A Dark & Rainy Night
On an abnormally warm & rainy night at the end of february 2013, Park Volunteer Joe Letsche and Park Biologist Dafna Reiner met at Hopewell Mound Group with the optimistic goal of spying a spotted salamander (Ambystoma maculatum). Armed with rubber wading boots, flashlights and dip nets thet headed out into the late winter’s night with some ideas about good salamander habitats in the vast Hopewell Mound Group. It didn’t take long before they came upon a northern spring peeper with its trademark “X” pattern on its back and its ubiquitous call of “peep, peep”. This was definitely a good sign. Next, they came to an area that used to be an old pasture but was recently reverted back into forestland. Many of these low areas here are typically filled with water this time of the year.
As the two slogged through the water-logged lowlands, the vivid beams of their flashlights pierced through the night darkness and soon began to reflect on something familiar. Joe’s flashlight hit the glistened-back of a Jefferson Salamander (Ambystoma jeffersonianum) and they immediately noticed the silver-blue specks that dotted its slate-colored body. The two of them knew they were getting closer to what they had set out for. A spotted salamander would make a fantastic addition to the park’s wildlife species list. As they trudged on, the rain began to fall, but both were happy to be showered upon because they knew that this was prime salamander weather.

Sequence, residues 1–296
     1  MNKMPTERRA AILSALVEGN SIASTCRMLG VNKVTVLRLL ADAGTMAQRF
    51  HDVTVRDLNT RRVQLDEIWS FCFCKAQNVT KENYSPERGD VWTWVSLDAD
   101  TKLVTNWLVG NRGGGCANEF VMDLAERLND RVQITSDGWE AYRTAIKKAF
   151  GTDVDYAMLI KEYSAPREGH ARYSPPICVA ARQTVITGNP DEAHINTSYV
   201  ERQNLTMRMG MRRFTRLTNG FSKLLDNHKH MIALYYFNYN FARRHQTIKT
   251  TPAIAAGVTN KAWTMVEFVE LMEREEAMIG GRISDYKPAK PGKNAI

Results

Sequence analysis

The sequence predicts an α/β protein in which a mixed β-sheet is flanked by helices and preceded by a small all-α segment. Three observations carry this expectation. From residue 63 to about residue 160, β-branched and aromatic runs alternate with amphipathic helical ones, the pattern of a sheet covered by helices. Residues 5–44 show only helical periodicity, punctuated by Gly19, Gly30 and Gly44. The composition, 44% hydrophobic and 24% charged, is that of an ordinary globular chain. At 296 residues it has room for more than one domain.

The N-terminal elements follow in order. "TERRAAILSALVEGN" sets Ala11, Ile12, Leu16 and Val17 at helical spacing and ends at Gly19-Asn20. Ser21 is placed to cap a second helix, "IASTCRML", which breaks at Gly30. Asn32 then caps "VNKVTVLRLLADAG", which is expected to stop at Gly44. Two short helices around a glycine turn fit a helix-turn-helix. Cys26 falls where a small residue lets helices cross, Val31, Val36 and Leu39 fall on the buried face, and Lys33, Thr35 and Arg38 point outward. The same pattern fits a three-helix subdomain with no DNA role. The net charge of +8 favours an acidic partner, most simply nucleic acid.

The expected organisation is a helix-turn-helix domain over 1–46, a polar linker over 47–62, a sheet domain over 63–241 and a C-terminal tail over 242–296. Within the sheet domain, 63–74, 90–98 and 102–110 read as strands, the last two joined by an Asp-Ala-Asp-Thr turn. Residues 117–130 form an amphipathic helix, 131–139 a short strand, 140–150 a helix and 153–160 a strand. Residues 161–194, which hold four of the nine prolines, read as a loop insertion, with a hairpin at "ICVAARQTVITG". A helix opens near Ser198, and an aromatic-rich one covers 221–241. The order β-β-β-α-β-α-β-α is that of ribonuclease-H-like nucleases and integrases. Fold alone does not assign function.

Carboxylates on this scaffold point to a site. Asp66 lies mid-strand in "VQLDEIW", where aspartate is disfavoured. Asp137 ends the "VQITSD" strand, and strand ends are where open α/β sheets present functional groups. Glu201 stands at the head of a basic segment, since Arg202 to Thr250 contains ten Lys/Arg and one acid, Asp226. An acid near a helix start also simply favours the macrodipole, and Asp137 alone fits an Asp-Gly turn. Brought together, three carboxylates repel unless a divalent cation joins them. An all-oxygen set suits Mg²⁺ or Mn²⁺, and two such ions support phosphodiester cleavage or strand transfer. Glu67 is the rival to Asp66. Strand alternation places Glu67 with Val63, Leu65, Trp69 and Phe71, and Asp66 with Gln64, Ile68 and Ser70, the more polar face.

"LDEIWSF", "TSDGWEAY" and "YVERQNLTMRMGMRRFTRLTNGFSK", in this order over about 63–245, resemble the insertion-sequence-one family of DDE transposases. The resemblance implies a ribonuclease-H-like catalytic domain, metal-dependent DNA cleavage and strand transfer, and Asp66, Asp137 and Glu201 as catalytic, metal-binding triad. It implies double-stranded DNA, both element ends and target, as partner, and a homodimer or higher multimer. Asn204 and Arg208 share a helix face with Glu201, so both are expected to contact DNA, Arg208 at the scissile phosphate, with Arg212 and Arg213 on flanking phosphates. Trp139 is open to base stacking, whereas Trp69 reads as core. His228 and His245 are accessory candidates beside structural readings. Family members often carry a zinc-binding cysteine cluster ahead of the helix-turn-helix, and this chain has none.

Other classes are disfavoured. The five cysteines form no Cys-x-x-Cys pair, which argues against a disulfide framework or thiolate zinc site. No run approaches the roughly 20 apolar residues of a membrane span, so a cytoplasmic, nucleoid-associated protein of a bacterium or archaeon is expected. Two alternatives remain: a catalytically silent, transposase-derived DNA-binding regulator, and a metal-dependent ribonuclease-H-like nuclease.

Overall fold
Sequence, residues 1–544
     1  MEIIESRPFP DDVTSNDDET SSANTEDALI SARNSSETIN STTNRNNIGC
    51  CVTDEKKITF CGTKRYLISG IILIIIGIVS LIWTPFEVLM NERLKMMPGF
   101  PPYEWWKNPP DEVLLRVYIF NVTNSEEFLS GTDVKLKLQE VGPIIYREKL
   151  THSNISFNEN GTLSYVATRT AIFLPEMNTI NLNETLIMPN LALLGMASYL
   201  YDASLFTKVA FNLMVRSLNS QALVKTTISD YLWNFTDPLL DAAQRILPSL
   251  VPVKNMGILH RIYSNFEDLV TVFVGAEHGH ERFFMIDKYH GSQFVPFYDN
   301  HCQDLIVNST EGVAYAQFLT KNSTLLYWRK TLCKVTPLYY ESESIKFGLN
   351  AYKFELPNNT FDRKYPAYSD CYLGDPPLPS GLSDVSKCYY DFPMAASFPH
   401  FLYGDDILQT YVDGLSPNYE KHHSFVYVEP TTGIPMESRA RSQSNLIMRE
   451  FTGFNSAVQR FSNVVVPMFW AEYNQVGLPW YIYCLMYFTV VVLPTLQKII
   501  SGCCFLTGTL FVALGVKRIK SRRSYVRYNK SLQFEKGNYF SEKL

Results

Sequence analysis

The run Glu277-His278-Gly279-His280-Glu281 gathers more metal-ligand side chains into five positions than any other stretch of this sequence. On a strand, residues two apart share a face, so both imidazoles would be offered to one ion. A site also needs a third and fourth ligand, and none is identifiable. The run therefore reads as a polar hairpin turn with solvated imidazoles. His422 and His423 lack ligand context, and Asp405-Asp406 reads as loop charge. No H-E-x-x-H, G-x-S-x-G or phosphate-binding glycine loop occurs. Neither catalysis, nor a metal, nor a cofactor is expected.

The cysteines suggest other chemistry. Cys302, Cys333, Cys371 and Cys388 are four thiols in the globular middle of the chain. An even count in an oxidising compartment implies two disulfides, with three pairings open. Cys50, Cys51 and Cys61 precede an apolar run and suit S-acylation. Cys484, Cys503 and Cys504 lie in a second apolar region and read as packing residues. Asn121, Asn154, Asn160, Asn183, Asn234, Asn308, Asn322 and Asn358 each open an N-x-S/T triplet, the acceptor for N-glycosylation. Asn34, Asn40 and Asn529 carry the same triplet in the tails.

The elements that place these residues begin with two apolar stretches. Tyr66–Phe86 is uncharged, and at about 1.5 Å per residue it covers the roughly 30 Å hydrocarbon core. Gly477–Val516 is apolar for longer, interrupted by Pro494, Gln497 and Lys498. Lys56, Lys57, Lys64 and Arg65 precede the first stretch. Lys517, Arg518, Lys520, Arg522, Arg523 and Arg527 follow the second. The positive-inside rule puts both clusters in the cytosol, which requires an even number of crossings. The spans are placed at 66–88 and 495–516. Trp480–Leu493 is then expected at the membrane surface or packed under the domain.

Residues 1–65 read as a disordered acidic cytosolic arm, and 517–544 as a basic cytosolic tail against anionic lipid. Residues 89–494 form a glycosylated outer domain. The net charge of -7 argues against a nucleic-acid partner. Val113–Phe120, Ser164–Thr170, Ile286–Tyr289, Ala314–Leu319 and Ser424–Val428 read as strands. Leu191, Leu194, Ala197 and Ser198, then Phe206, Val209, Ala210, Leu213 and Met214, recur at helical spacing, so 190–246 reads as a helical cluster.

It wasn’t long before thei flashlights hit something that looked like it was out of place for Ohio woodlands. It appeared to be a salamander, but they couldn’t be certain until they inched closer. The outline of the body resembled the salamander and upon closer inspection, they caught glimpse of the golden-yellow spots on its back. This little creature resembled something that belonged in the Amazon rainforest or the tropics of Southeast Asia, not Ohio. But this was it, this was the Spotted Salamander (seen above) that the pair had set upon to find. This large salamander ranges from six to nearly nine inches in length, but despite its large size it is seldom seen. The natural habitat of the Spotted Salamander is typically a forest with plenty of leaves covering the forest floor. It also needs vernal pools to lay eggs in. (Vernal pools are seasonally flooded areas which retain water through fall, winter and spring, but typically dry out in the summer). This dry period prevents the vernal pools from being populated by fish that may eat the salamander’s eggs and young. Interestingly, this species is fond of tunneling and spends most of its time underground where it is safe from the threat of predators. It emerges for breeding and foraging, but only at night, preferably during rainy spells. If a spotted salamander is injured by a predator it has the remarkable capability of regeneration to heal itself. This salamander can grow a new tail, a limb and even parts of damaged organs! Like most other amphibians, this species is sensitive to pollutants such as acid rain, road & agricultural runoff and suffers from habitat loss such as wetland fill-in and urban/rural development. What many people would think of as a wet and miserable night, turned out to be a biologist’s dream as it was perfect for salamander spotting, particularly the Spotted Salamander.